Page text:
Summary: Researchers led by Weill Cornell Medicine developed a new lab test to detect intact HIV proviruses in individuals infected with African strains, crucial for advancing global HIV cure efforts.


  1. Global HIV Research Gap: The study addresses the disparity in HIV research focusing predominantly on Western strains (subtype B) and highlights the need for understanding viral persistence in African strains (subtype A1 and D), affecting a disproportionately female population.
  2. Lab Test Development: The team modified existing assays to identify intact proviral genomes specific to African HIV subtypes A1 and D, enabling targeted research into reservoirs that persist despite antiretroviral therapy.
  3. Multinational Collaboration: The project involves a diverse, multinational team spanning institutions in the US, Canada, Uganda, and South Africa, funded by NIH’s REACH Collaboratory, underscoring the global effort required to achieve an HIV cure.

A multinational team led by Weill Cornell Medicine investigators developed a lab test that will help measure the persistence of HIV in people affected by viral strains found predominantly in Africa—a vital tool in the search for an HIV cure that will benefit patients around the world.

The study, published in Nature Communications, helps fill a major gap in human immunodeficiency virus (HIV) research. Most HIV studies have focused on strains circulating in Western countries, predominantly in men who have sex with men affected by subtype B. Few studies have examined strains circulating in Africa, where women are disproportionately affected.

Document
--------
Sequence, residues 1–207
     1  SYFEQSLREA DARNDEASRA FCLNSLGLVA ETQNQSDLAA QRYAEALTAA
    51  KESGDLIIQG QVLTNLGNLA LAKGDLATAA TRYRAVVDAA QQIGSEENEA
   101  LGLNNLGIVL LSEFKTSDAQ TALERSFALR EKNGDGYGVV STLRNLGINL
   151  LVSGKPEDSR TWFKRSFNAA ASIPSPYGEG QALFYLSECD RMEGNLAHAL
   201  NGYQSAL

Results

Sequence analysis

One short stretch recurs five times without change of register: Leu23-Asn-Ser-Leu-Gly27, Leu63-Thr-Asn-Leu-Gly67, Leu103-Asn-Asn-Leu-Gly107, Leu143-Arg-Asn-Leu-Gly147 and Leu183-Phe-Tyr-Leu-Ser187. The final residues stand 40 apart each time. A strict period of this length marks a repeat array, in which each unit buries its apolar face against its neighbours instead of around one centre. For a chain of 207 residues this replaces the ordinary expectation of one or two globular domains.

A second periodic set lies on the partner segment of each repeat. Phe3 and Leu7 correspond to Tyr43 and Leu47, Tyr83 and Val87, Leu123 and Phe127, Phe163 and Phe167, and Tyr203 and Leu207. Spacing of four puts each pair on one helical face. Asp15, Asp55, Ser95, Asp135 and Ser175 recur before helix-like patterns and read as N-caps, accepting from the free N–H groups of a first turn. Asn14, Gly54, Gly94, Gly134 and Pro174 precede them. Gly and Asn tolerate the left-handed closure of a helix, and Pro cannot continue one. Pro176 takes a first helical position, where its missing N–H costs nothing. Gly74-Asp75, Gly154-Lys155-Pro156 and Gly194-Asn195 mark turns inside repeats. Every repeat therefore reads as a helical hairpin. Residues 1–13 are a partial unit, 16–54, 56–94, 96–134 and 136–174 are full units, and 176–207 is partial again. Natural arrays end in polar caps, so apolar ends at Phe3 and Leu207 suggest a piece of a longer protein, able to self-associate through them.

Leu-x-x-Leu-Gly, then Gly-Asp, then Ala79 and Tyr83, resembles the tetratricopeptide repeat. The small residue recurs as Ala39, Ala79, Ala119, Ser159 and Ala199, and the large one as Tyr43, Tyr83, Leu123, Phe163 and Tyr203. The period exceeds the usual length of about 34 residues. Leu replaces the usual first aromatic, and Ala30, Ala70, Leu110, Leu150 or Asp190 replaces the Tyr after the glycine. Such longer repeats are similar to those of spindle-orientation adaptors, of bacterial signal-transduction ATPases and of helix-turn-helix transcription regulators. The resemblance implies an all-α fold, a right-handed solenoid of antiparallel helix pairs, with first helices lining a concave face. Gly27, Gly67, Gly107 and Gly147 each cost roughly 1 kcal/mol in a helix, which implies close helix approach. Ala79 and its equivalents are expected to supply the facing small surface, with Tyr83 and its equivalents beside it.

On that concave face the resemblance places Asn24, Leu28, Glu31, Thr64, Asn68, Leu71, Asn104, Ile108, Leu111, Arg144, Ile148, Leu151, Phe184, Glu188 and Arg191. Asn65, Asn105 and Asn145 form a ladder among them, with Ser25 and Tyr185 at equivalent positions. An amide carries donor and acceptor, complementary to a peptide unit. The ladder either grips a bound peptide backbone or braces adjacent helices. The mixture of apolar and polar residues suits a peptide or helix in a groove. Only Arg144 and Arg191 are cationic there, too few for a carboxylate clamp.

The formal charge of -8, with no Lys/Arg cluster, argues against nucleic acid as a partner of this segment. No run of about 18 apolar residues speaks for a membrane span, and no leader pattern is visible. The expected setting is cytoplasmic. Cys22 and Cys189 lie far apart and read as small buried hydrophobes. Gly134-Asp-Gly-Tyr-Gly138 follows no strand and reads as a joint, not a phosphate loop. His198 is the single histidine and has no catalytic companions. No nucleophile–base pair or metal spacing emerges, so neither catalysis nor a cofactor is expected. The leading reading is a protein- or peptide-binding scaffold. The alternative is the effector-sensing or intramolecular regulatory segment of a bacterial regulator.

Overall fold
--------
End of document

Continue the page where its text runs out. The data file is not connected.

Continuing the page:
“HIV cure research tends to focus on viral strains circulating in developed countries, but to achieve a cure that is globally applicable, we must study viral strains that are affecting other regions of the world,” says lead author Guinevere Lee, PhD, assistant professor of virology in medicine in the Division of Infectious Diseases and assistant professor of microbiology and immunology at Weill Cornell Medicine.

HIV Strains Differ Across the World

The findings show—like other studies in developed countries—that HIV strains circulating in Africa establish viral reservoirs in the human body. Although antiretroviral therapy can reduce the level of HIV in the blood to an undetectable level, these dormant reservoirs continue to survive. They contain a large number of defective proviral DNA genomes which can’t produce new infectious viruses, but a small number of genomes remain genetically intact and ready to produce active viruses if antiretroviral treatment is interrupted.

The large proportion of defective viral genomes obscures researchers’ attempts to accurately quantify the copies of intact proviruses. “We are looking for a needle in a haystack: To achieve an HIV cure, we need to first find out whether any genome-intact proviruses remain in the body during antiretroviral treatment. Our new assay allows us to do this. Then we need to target and eliminate the intact proviral DNA capable of producing new viruses,” says Lee.